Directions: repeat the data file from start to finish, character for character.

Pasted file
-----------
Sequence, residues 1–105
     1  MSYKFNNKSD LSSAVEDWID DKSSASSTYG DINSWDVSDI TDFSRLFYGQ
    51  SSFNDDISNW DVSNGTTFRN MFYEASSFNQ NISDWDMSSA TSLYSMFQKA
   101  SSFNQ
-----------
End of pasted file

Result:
Sequence, residues 1–105
     1  MSYKFNNKSD LSSAVEDWID DKSSASSTYG DINSWDVSDI TDFSRLFYGQ
    51  SSFNDDISNW DVSNGTTFRN MFYEASSFNQ NISDWDMSSA TSLYSMFQKA
   101  SSFNQ